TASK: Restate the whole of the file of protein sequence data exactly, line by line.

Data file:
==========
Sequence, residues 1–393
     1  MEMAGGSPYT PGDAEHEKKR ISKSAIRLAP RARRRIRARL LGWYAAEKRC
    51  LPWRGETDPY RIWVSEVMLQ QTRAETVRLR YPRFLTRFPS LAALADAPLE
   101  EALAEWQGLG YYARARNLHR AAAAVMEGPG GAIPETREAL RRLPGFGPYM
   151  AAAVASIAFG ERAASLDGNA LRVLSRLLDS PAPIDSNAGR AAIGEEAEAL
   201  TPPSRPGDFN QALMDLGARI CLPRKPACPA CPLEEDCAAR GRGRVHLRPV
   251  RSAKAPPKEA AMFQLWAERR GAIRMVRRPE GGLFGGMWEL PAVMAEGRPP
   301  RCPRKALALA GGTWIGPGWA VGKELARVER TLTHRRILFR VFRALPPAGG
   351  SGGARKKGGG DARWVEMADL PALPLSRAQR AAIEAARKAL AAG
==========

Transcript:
Sequence, residues 1–393
     1  MEMAGGSPYT PGDAEHEKKR ISKSAIRLAP RARRRIRARL LGWYAAEKRC
    51  LPWRGETDPY RIWVSEVMLQ QTRAETVRLR YPRFLTRFPS LAALADAPLE
   101  EALAEWQGLG YYARARNLHR AAAAVMEGPG GAIPETREAL RRLPGFGPYM
   151  AAAVASIAFG ERAASLDGNA LRVLSRLLDS PAPIDSNAGR AAIGEEAEAL
   201  TPPSRPGDFN QALMDLGARI CLPRKPACPA CPLEEDCAAR GRGRVHLRPV
   251  RSAKAPPKEA AMFQLWAERR GAIRMVRRPE GGLFGGMWEL PAVMAEGRPP
   301  RCPRKALALA GGTWIGPGWA VGKELARVER TLTHRRILFR VFRALPPAGG
   351  SGGARKKGGG DARWVEMADL PALPLSRAQR AAIEAARKAL AAG